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LODGEPOLE PINE

Pinus contorta

Pinaceae

Lodgepole pine grows extensively throughout the US pacific slope and abundantly into Canada and even Alaska, throughout the Sierra and southern California mountains, and into a few spots in Baja California. Its several subspecies survive in highly varied conditions, and by some botanists are considered to be mere varieties. Lodgepole pine, with all its subspecies, has both a huge elevational range and geographical range.

 

Pinus contorta ssp. murrayana is the Sierra lodgepole, which extends to southern California ranges. Its abundant, straight, tall trunks grace multiple landscapes, from 2000 feet to over 11,000 feet. It is common on moist sites, invading ponds and lakes, but also occurs on drier, mountainous sites. 

P. contorta ssp. latifolia extends throughout the Rocky Mountains into Canada.

P. contorta ssp. bolanderi, Bolander's beach pine, is endemic to Mendocino County marine terraces. It is a dwarf form that survives on highly acidic soils with poor drainage.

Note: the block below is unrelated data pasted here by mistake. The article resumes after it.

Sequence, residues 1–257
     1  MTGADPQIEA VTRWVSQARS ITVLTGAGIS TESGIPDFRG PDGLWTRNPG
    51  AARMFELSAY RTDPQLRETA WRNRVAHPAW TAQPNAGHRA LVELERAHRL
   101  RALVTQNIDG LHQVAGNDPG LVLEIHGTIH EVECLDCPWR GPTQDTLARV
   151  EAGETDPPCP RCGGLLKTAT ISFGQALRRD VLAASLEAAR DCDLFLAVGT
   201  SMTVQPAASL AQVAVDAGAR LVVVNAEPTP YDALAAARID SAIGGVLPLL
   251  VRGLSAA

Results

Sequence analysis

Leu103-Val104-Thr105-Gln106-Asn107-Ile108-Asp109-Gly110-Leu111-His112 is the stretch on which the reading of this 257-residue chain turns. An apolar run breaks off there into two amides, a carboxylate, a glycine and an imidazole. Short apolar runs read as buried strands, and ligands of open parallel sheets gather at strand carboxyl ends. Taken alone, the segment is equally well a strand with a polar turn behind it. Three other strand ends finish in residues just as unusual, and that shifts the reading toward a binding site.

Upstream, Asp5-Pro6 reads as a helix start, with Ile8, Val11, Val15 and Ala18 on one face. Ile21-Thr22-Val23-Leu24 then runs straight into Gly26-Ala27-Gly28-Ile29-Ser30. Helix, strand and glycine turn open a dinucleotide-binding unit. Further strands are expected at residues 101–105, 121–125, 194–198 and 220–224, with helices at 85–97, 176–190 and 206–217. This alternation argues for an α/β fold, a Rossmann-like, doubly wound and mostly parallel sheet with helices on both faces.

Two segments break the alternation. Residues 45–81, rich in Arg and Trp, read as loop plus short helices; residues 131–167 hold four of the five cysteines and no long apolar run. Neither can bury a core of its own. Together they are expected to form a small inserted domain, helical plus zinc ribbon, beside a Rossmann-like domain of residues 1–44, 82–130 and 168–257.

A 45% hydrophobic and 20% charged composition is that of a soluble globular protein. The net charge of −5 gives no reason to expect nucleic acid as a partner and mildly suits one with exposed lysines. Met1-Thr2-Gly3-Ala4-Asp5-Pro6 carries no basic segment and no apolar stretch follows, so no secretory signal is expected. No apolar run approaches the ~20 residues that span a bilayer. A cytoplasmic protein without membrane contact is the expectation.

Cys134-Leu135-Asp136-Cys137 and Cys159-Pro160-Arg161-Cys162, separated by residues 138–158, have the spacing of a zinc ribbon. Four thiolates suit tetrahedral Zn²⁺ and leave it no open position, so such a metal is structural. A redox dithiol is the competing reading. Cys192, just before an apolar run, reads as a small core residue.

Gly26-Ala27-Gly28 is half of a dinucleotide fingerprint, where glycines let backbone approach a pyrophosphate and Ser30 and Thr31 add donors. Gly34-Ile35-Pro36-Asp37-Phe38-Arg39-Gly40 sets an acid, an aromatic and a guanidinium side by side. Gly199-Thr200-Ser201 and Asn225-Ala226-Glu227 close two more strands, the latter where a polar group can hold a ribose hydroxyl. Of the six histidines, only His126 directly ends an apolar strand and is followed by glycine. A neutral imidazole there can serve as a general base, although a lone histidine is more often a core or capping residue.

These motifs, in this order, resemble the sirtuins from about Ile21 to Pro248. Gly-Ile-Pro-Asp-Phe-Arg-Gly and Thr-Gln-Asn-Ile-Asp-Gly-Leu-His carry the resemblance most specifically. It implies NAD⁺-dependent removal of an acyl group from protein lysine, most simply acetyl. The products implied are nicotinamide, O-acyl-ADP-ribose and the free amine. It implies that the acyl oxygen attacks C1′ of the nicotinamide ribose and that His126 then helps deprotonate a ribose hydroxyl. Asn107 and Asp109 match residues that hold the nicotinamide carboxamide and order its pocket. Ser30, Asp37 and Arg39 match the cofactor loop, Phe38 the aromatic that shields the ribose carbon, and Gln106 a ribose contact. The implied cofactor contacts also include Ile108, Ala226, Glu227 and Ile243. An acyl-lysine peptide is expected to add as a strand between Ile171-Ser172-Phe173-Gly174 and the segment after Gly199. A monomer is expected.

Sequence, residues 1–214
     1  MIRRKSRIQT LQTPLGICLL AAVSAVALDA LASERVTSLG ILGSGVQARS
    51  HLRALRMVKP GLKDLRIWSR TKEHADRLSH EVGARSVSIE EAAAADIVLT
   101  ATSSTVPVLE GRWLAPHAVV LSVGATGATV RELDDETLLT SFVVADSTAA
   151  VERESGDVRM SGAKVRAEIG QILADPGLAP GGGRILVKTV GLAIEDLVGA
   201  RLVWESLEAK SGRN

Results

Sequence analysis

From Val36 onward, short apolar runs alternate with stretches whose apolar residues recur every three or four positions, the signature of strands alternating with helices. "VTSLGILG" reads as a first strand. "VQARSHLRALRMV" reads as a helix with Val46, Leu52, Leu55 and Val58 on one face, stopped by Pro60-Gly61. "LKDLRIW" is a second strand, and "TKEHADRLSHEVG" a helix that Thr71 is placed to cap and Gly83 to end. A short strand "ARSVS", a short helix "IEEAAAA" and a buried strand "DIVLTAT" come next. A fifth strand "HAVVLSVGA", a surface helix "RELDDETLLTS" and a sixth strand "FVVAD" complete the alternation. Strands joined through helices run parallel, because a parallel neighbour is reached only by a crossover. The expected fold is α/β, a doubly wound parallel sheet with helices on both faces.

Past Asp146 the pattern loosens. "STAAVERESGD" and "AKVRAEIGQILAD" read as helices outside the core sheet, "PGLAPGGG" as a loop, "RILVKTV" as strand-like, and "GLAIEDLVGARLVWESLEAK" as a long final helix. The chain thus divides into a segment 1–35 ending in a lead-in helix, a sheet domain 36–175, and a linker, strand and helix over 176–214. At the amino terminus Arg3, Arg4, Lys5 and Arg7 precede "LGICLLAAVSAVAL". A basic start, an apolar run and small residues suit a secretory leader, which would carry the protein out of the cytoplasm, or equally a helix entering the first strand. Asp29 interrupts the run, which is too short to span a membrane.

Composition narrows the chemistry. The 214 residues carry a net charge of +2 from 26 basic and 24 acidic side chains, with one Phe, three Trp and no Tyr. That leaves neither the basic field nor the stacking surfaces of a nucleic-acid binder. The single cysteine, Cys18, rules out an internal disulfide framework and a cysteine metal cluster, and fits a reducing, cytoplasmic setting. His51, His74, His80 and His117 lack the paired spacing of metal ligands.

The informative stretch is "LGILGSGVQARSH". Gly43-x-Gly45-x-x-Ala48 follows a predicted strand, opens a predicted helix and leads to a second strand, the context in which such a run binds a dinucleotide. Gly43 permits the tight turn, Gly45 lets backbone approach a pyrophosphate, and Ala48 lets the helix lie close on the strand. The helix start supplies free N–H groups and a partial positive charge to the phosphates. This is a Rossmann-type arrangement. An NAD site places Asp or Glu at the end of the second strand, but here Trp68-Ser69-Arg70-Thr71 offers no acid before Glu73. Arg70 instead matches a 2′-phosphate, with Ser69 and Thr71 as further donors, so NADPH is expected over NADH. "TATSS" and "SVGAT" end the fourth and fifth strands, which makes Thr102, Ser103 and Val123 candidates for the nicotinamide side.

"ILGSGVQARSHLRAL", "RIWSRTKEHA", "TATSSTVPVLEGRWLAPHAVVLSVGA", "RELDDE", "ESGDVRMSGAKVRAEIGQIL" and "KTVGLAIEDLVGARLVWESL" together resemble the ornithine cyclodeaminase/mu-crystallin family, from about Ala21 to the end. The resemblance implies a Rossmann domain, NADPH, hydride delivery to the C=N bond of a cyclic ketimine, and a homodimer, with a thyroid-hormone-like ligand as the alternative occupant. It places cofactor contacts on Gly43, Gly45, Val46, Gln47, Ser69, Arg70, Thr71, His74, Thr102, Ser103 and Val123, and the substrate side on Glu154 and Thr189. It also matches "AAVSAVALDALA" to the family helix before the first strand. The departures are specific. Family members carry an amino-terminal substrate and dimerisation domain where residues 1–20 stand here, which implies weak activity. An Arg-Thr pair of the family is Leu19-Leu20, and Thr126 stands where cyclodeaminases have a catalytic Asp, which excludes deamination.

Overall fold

Coastal lodgepole (Pinus contorta ssp. contorta) also called shore pine or beach pine, grows near the Pacific coast from northwest California to Alaska. Unlike the Sierra lodgepole, tall and straight, shore pine is crooked, with darker bark.

Young lodgepole at 11,500 feet above Wanda Lake in Kings Canyon National Park

Shore pine in Mendocino County, California

Needles are two to a fascicle, about two inches long, sometimes slightly twisted, and sharp pointed. Seed cones are small, also about two inches, have prickles on the scales, and take two years to mature. In dense lodgepole stands, cones often blanket the ground underneath the tree. 

As lakes turn to ponds, and ponds to meadows, lodgepole pines are there, always moving in.  

PORT ORFORD-CEDAR